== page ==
Editor’s Note: It’s The Man in the High Castle Week here at Den of Geek! For more High Castle stories, click here. This interview originally ran in August.
Exactly three minutes into The Man in the High Castle pilot there is a jarring depiction of a Nazi-occupied Times Square in 1962. Had the image flashed across a far bigger screen, we’d call it an iconic shot in cinema history.
In an alternate history, maybe the adaptation of sci-fi novelist Philip K. Dick’s re-imagining of the post-World War II universe is released in theaters. Instead, our segmented viewing patterns have led one of Dick’s most beloved novels to the digital space — Amazon Studios. Outside of Golden Globe wins for Transparent, Amazon Instant Video has yet to put itself in the conversation as a Netflix competitor when it comes to original programming. Back in January, not only did High Castle survive Amazon pilot season, which allows users to vote for the shows they want ordered to series, but it debuted to widespread critical acclaim. It was also the most-watched pilot produced by the studio.
High Castle got Amazon the feedback it was looking for. Fans, however, now had to wait nearly nine months until the first season releases in full on Friday, November 20th.
The hiatus was a welcome one for Isa Dick-Hackett, the daughter of Philip K. Dick, and executive producer David W. Zucker (The Good Wife), who spent eight years trying to develop the novel into a television series. After development road bumps at Syfy and BBC, Amazon called asking for a pilot. The risk: shoot one episode and if it isn’t well received, it would essentially shelve the project for good. The reward: a green light from a studio with money to spend and ground to make up in the race for streaming eyeballs.
Frank Spotnitz, an executive producer and key figure behind The X-Files mythology arc, signed on as showrunner and Scott Free Productions, founded by Ridley and Tony Scott, is behind the project. With Spotnitz and Ridley Scott–no stranger to adapting Dick’s work as he did with cult-hit Blade Runner— serving as executive producers, Amazon set off to make an ambitious, cinematic pilot.
The visual disorientation in the first hour is bound to a stylebook influenced by works ranging from Blade Runner to Bernardo Bertolucci’s The Conformist and Edward Hopper paintings. The backdrop of the series is the stunning surrealness of what is formerly known as the United States–the Nazi territory of the east, Japanese Empire run-west, and the neutral zone comprising the Rocky mountains–less than 20 years after the end of WWII. High Castle introduces us to Joe (Luke Kleintank, Bones), a fresh face barely old enough to remember the war who aspires to join the resistance and Julianna (Alexa Davalos, Mob City), who seeks understanding after the murder of her sister. Julianna’s journey is a dangerous one. She’s in possession of a newsreel titled “The Grasshopper Lies Heavy,” a collection of moving pictures leading her to believe the Allies actually won the war — a video created by someone known as “The Man in the High Castle.”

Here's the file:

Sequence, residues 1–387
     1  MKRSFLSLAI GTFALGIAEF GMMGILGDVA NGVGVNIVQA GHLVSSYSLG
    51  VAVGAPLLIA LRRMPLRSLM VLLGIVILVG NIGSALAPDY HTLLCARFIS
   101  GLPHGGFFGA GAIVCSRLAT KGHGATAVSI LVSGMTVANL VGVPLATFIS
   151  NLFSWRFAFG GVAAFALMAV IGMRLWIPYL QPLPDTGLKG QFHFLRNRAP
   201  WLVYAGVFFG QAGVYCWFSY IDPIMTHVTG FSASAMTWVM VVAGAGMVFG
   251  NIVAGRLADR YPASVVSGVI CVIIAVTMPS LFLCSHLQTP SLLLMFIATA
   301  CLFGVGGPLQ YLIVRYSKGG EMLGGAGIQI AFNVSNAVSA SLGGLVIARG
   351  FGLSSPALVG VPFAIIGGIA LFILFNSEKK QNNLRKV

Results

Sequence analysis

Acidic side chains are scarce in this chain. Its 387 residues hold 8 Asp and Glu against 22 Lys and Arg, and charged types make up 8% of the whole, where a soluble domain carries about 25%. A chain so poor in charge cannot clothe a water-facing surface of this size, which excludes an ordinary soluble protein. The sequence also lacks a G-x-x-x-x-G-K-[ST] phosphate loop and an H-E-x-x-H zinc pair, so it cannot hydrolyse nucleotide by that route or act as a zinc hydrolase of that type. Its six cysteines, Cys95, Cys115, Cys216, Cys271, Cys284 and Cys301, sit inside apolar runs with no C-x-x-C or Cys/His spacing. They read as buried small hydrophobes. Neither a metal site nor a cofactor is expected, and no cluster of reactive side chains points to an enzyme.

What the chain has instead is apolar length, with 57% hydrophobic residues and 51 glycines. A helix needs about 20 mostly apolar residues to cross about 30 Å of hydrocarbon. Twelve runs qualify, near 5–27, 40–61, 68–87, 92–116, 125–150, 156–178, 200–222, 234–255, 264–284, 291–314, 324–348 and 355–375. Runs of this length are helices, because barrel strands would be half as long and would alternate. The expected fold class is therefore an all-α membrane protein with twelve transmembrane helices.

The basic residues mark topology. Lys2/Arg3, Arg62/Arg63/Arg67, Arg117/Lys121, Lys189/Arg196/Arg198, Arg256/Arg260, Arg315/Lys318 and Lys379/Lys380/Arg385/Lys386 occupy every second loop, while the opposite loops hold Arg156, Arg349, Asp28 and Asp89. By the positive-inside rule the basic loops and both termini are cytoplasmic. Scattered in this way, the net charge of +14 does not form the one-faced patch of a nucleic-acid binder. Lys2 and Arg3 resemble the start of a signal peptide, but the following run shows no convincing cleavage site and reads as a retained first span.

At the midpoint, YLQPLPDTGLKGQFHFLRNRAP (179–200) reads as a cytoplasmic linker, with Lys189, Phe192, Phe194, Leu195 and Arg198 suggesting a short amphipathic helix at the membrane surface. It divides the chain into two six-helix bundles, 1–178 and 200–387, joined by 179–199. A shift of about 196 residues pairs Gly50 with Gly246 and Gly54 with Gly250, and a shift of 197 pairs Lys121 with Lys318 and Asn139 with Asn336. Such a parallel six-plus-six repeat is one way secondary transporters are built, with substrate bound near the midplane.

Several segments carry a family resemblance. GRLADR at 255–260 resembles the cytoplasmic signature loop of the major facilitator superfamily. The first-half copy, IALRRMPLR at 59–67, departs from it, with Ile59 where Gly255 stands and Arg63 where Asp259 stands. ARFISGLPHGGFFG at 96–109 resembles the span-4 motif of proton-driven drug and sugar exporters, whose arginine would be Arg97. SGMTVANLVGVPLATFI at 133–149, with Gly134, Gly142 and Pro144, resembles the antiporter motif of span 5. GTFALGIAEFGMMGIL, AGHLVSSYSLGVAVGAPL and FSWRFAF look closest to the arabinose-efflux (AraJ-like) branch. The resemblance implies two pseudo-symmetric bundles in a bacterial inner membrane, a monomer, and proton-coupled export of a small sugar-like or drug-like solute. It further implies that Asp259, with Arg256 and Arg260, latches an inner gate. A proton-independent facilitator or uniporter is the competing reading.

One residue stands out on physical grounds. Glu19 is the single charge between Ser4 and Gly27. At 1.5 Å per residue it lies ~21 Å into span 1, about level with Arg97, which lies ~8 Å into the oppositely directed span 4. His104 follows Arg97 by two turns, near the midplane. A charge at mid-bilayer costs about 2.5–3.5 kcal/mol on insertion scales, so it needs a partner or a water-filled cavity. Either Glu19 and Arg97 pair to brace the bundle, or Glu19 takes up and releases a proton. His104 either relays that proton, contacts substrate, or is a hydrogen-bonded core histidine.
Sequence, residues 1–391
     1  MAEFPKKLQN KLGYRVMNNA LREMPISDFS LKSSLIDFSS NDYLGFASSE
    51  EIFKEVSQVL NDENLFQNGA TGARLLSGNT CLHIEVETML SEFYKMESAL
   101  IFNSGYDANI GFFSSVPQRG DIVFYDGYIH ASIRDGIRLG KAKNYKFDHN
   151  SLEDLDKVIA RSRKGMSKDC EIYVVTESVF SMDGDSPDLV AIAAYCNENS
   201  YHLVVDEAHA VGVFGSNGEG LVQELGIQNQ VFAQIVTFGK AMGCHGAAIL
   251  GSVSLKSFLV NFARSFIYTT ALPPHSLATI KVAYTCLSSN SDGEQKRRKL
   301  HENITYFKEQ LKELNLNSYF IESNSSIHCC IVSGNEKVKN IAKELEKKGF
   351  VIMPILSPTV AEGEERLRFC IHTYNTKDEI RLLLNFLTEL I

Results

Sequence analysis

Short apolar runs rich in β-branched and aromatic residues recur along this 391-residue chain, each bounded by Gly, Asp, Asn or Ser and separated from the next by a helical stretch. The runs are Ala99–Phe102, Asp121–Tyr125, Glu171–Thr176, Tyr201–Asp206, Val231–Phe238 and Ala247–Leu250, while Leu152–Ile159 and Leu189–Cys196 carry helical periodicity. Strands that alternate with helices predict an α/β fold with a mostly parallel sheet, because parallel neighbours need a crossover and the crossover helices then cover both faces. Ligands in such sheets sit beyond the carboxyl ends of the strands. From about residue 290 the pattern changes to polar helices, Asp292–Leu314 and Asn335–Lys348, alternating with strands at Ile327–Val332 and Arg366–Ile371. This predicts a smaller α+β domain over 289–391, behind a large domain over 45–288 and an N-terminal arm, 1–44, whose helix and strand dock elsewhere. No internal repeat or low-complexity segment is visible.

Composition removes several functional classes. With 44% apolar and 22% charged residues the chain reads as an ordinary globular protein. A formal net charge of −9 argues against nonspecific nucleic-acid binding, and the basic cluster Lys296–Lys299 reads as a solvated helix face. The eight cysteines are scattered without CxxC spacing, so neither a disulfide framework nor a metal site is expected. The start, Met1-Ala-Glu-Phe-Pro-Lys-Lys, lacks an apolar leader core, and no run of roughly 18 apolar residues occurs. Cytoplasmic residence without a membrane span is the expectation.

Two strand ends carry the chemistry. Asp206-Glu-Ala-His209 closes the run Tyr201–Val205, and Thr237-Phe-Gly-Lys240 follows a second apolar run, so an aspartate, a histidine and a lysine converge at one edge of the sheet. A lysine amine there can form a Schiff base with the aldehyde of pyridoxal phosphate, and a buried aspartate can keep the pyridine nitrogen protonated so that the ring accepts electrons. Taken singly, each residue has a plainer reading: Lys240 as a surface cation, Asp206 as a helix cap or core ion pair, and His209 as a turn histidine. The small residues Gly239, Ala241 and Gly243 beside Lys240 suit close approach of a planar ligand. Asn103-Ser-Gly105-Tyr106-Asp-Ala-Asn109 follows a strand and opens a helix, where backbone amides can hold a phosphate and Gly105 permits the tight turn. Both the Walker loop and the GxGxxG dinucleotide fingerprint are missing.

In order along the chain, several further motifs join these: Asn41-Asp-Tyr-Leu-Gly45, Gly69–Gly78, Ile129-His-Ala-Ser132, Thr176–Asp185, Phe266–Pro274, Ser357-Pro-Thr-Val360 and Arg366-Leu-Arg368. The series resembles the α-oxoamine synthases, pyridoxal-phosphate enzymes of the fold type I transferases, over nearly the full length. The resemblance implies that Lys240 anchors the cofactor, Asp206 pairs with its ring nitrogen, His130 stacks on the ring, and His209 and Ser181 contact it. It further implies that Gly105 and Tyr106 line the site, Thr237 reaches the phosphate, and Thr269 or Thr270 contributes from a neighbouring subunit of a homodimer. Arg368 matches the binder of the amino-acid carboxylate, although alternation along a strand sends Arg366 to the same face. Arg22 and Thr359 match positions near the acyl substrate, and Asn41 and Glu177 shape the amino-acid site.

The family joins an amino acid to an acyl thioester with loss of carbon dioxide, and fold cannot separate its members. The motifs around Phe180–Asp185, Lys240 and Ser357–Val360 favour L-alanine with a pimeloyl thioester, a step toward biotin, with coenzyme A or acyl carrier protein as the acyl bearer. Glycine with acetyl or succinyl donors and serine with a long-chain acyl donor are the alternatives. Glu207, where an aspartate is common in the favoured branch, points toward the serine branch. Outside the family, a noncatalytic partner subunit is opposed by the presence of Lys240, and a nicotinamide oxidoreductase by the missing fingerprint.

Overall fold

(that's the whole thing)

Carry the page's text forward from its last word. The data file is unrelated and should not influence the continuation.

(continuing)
At San Diego Comic-Con, Den of Geek had the chance to sit down with executive producers Frank Spotnitz, Isa Dick-Hackett, and David W. Zucker and dig into why the adaption lied heavy for so long, how Philip K. Dick’s work stands the test of time, and what to expect in season one.
This project was years in the making. Where did the journey to bring Man in the High Castle to the screen begin?
Isa Dick-Hackett: [David and I] started at the beginning, which we’ve decided was more than eight years ago. It’s been an odyssey.
David W. Zucker: There’s been a long relationship with Ridley Scott, obviously going back to Blade Runner, so we had a meeting only a couple of years after we started the TV division [of Electric Shepherd Productions] about how to potentially undertake this and we set to the task of trying to find a writer to potentially adapt it, which was challenging enough. We had great difficulty setting it up in the US. Our development with this was with BBC. We did a full cycle there. Actually our first writer passed away. We found a wonderful second writer and ultimately didn’t proceed.
We’ve been trying to work together for some years to bring it back to the US and develop it with Frank. And then they decided not to go forward with it. That was two-plus years ago. Originally it was designed as a four-hour backdoor pilot and then we would go onward into series. Literally the conversations we were having, the options went off the book and expired. And then [Frank] can pick up the story…
Frank Spotnitz: It was Christmas almost a year and a half ago and Morgan Wandell who I knew from ABC had just joined Amazon and he said ‘do you have any script you love that has not been made?’ I said ‘as a matter of fact, The Man in the High Castle. Amazingly, that phone call lead to this actually happening.